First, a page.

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Disarmament

Subcomittee of the General Assembly

You are viewing a version of this page from a past conference. Did you want to take a look at the chair letter for the upcoming Hilton 2014 conference?

This committee will be run Harvard style, which means that delegates will put together resolutions during committee. However, in order to be considered for an award, delegates must have at least one position paper ready to turn in at the beginning of the first day of committee. Position papers will also be accepted by e-mail prior to the conference.

Delegates are expected to be well researched on the topics in general as well as the policies of the nations they represent with respect to those topics. Above all, keep in mind that the purpose of Model UN is to work together—not against each other—in an informed, practical, and enjoyable manner. Good luck researching!

Chairs

George Liu

My name is George Liu, and this will be my second year chairing. I am a senior at Pittsford Sutherland High School, and my interests vary from chess to tennis to writing. Feel free to contact me with any questions you may have at georgeliu22@yahoo.com.

Namita Sarraf

Hi, my name is Namita Sarraf, and I will be one of your chairs for SHC. This is my third time chairing and fourth year in Model UN. I am a senior at Pittsford Sutherland High School, and my pursuits include dance, music, and our literary magazine.

Topics

Cluster Munitions

The problem of cluster munitions encompasses the broader theme of disarmament: how do nations fight a war while limiting harm to citizens? Cluster munitions, or packets of explosives that disseminate upon impact, are a special challenge in that they are still used by major nations in combat. If not exploded, these tiny grenades act as landmines, killing civilians long after war has ended.

Over a hundred countries have agreed on a need to ban cluster munitions. On the other hand, the United States in particular has argued for their continued use as a safer alternative to unitary explosives, since they in fact produce a lower rate of casualties.

Are cluster munitions a concern that needs to be addressed? Are they an acceptable mode of weaponry? Do their dangers truly overshadow those of other explosives, as some say they do?

 

Espionage

The problem of espionage has stood as a serious threat especially since World Wars I and II. It has entangled relations between nations, creating mistrust even during times of peace. Never more dramatic were the influences of espionage than during the Cold War, when spies enflamed politics to near war.

Even so, espionage constitutes an essential part for finding and disarming illegal weapons. Just as U2 spy planes discovered Soviet missiles in Cuba during the Kennedy Administration, nations today engage in such methods of “intelligence” to inspect foreign states. If ever nuclear weapons were constructed in secret, espionage would be essential for disarming them; yet espionage is still a major antagonizing factor between nations.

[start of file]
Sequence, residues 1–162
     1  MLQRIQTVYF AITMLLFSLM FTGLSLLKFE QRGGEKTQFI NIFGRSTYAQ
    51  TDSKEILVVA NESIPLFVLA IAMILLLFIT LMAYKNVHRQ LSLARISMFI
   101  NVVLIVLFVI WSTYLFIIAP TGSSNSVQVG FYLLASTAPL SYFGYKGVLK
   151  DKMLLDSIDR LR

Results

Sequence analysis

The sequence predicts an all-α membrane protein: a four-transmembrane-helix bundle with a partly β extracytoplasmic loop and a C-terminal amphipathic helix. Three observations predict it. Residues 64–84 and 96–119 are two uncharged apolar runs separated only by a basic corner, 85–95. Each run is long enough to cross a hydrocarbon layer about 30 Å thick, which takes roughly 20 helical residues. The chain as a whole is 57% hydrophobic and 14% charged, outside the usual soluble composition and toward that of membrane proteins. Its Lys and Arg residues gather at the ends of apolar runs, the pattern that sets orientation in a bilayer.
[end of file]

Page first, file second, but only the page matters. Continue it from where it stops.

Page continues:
What determines the legality of espionage in regards to enforcing disarmament protocol? To what limit, if any, should espionage be controlled? Does the UN have rights to use espionage if countries, even members, do not?

 

Arms Race in Space

The launching of Sputnik was only the beginning of a long history of space race. What once involved satellites, long-range missiles, and Ronald Reagan’s far-fetched Star Wars now has the potential to involve atomic and nuclear weapons.

In a controversial move in 2007, China destroyed one of its own satellites, raising questions about a possible arms race in space. In 2008, Russian foreign minister Sergey V. Lavrov introduced a draft-treaty to the United Nations Conference on Disarmament, in conjunction with China that would ban weapons in space; the United States was quick to object. However, a year later, President Obama pledged to seek a global ban on weapons in space.

Also in 2009, the United Nations Office for Disarmament Affairs published in its yearbook a resolution intending to prevent the arms race in space. It urged nations to follow guidelines set down by the Treaty on Principles Governing the Activities of States in the Exploration and Use of Outer Space, including the Moon and other Celestial Bodies; it also, however, provided as an operative clause the provision that the Conference on Disarmament would, in its 2010 session, further explore the issue.

While mutual agreement on the necessity for a demilitarized space is easy to come by, a solid set of guidelines is not. It is essential that rules be set down to prevent the possibility of an arms race in space.

The gray areas of the issue must be defined—for example, are satellites weapons? When do they become potentially harmful rather than defensive or informational?

 

Small Arms Disarmament in African Nations

In African nations like Sierra Leone, Sudan, Democratic Republic of the Congo, and Ivory Coast, civil war has become a natural part of life. The presence of light weapons is both a result and instigator of the perpetual conflicts. That nearly every citizen in, for example, Sudan, owns a gun is not only disturbing, but also dangerous.

The violence is widespread throughout western and central Africa, and disarmament is necessary. In Sudan, the southern government has put into place a campaign where citizens who do not disarm must give up their livestock. However, small arms are difficult to trace and easy to distribute; they contribute heavily to the high death rates plaguing war-torn African nations.

How can the UN go about contributing to small arms disarmament without infringing on national sovereignty or undermining the government, especially in areas with unstable governments? How can the UN bring about popular support for such a program?

 

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